Alex Heavens has always been fascinated by history and the ancient world. He grew up listening to audiobooks of the Iliad and the Odyssey, and taught himself Latin and ancient Greek while doing his A-levels. His passion propelled him to Reading to study BA Classics.
"I had a fantastic time studying classics at Reading. The course offered a wide range of modules, so I took subjects I hadn't done before to broaden my knowledge, before narrowing my interests as I progressed through my degree.
"The lecturers are brilliant experts in a variety of fields, and very supportive. I also went on the study trip abroad in my second year to Athens; this was a brilliant experience which enabled me to see the amazing places I was studying and meet other people on my course.
"I came to Reading loving classics and graduated loving it even more – so much so that I went onto do a master's."
Love of language
Alex motivated himself to learn Latin and ancient Greek during school, and seized the opportunity to build on his knowledge at university:
"I loved my Latin classes! I decided to study BA Classics, rather than Classical Studies or Ancient History, because of my love for the ancient languages. We worked through difficult texts together as a class, which offered opportunities for discussion and additional one-to-one tuition was also available.
"Learning an ancient language and studying texts that are millennia old is challenging both linguistically and intellectually, but I received plenty of support from my lecturers.
"While studying the ancient languages I found myself interested in poetry as well, which inspired my dissertation on Latin and Greek words for sin to the 4th century AD. I still enjoy reading poetry from that era.
"Studying these ancient languages set me up to learn other languages as well – I now read in Italian and am learning French. I also took language-inspired modules outside of the Classics Department, for example French Cinema. This module was all about culture and analysing materials, which was extremely complimentary to my Classical studies."
Alex applied to take part in the Undergraduate Research Opportunities Programme (UROP) and was successful:
"UROP was a six-week paid placement, which I did over the summer between my second and third year of study: I worked closely with an academic to research how modern linguistics could be applied to ancient language.
"I conducted independent research on a volume of about 2,000 Latin poems and analysed each of them in terms of their politeness and how they asked people to do things.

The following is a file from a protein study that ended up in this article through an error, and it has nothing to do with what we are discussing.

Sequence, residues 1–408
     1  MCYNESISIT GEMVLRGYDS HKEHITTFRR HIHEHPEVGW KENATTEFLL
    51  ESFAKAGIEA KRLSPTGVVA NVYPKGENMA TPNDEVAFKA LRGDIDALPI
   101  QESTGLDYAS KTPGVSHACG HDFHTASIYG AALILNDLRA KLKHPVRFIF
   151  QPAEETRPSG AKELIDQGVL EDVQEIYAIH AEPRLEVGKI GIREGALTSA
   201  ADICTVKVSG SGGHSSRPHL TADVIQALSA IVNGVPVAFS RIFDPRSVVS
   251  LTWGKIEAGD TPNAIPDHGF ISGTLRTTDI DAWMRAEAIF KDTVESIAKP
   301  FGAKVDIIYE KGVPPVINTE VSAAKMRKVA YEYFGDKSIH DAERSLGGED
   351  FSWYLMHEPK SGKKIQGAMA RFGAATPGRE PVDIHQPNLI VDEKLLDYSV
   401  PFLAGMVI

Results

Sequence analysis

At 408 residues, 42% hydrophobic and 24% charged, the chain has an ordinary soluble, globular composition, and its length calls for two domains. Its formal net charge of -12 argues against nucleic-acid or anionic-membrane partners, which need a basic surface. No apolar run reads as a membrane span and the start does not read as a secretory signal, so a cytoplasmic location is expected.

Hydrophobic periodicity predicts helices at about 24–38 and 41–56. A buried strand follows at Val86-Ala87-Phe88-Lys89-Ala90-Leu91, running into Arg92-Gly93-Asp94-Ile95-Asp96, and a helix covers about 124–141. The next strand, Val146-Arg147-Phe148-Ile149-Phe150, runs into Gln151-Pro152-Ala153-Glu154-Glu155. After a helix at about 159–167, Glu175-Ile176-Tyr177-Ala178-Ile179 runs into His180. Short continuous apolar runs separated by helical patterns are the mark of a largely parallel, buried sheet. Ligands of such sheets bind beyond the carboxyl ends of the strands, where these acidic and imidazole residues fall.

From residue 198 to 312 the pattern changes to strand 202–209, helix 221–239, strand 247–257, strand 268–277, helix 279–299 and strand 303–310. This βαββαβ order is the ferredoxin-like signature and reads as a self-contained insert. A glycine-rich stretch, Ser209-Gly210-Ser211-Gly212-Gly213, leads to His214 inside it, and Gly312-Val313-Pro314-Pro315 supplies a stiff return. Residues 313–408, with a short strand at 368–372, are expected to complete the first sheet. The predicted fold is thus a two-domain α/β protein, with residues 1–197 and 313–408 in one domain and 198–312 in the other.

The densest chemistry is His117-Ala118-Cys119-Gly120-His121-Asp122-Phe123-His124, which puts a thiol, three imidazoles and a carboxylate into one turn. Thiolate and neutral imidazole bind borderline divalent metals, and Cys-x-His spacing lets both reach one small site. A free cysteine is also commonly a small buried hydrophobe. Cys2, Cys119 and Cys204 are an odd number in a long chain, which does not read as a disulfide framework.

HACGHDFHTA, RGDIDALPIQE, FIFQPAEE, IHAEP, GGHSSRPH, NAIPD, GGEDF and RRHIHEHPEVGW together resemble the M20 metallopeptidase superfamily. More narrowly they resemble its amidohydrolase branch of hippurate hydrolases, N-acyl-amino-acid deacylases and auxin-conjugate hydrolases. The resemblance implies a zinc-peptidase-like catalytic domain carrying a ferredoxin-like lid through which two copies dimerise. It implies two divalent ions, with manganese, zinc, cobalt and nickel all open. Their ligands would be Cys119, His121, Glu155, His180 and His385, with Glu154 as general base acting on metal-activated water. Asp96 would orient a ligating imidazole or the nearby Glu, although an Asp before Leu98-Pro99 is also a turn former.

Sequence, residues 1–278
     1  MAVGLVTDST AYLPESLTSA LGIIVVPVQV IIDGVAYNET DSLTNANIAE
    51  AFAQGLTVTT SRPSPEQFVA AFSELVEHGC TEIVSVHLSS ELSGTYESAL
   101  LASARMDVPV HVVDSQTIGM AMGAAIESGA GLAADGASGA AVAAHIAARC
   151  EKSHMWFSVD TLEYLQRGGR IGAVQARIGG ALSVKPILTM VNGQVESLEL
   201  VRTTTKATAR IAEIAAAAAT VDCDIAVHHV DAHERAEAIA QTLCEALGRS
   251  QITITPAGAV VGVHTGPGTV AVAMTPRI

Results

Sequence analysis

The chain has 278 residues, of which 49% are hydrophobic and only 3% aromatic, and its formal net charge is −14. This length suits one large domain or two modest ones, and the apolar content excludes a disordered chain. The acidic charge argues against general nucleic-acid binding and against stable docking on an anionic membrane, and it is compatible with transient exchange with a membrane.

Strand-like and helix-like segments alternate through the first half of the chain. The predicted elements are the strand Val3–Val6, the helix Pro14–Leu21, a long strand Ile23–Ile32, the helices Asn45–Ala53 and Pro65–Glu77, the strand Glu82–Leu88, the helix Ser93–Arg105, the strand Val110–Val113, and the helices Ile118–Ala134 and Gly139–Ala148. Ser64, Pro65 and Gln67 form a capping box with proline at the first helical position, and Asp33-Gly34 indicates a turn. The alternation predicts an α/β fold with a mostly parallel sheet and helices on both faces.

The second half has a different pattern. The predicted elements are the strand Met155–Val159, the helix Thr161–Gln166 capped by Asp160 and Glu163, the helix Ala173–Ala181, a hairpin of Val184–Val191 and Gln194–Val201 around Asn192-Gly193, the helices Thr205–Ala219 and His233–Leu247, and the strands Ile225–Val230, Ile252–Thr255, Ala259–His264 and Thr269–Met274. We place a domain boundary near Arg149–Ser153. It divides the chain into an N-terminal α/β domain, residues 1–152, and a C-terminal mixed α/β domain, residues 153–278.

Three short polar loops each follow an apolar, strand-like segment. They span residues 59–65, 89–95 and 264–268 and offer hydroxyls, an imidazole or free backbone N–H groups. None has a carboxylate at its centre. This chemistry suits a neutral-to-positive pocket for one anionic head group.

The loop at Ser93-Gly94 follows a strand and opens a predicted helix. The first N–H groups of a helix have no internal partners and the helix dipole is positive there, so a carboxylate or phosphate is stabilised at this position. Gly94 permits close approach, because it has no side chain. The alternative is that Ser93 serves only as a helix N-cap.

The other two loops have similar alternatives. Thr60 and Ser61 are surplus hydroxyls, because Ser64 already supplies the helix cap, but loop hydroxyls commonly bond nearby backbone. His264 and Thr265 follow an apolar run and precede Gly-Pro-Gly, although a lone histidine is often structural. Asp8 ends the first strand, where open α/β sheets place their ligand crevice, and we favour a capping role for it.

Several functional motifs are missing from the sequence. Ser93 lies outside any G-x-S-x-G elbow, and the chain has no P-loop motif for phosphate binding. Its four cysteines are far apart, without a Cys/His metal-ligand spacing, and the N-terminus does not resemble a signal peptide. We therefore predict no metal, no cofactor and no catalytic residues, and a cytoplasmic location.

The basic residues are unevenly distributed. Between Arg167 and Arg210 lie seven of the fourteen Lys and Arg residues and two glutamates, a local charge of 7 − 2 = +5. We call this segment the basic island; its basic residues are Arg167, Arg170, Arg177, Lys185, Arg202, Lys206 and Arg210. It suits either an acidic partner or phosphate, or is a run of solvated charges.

"This was fascinating to read because it was a niche subject which isn't often looked at, especially at undergraduate level, and was cutting-edge research in the field.
"My research was combined with the academic's research and formed the basis of a co-authored article. I also presented the results of our research at the British Conference of Undergraduate Research (BCUR) which was a great experience.
"This scheme is really wonderful, and offers students a valuable insight into an academic career. It taught me how to be self-reliant, self-motivated and how to work at a higher academic standard. This experience taught me to be a better scholar, and inspired me to go on to do a master's and perhaps even a PhD in the future."
Alex credits the staff at Reading with creating such a friendly and supportive environment within the Department of Classics.
"The real asset and the number one strength of the Department for me is the approachability of the staff. These people are leading experts in their fields yet their doors are always open for discussion – something I really benefited from.
Whenever I felt my understanding wasn’t quite there, I always knew I could reach out for help and I could get it. It really made me feel welcome in the Department. Something I remember very fondly."
Soon after graduation, Alex began working at the University of Reading, utilising the many transferable skills a classics degree teaches you.
"Classics teaches you skills and knowledge in many different areas – you learn to understand culture and philosophy, how other disciplines interconnect, how to consider other perspectives, how to analyse critically, how to write well in an engaging manner, as well as self-motivation, organisation and time-management skills."
Working in the alumni office for three years, Alex was responsible for keeping in touch with graduates.
"It was really interesting to work at the University where I previously studied and to see it from another perspective. Speaking to classics graduates I found it very encouraging to see the diverse career destinations that a degree in classics can lead you to. Be it finance, publishing or politics.
"What I also found very touching was the pride that Reading classics graduates have of their time. I realised my experience and the things I took away and really enjoyed were not unique to me. There are decades of graduates who have the same warmth towards the Department."
Alex now works as a Development Coordinator in the Mathematical, Physical and Life Sciences Division at the University of Oxford.
"I guess the big thing is making sense of complex information and making it accessible for non-specialists. I did this a lot in my degree and I do it all the time when I’m reading scientific papers and talking to scientists about raising money for their projects.
"Classics is pretty broad, so you have to be comfortable working in lots of different disciplines – language, philosophy, history etc. It teaches you to be flexible and a fast learner. That and all the time and project management skills that are crucial for working, are nice indirect things taught as part of the degree. "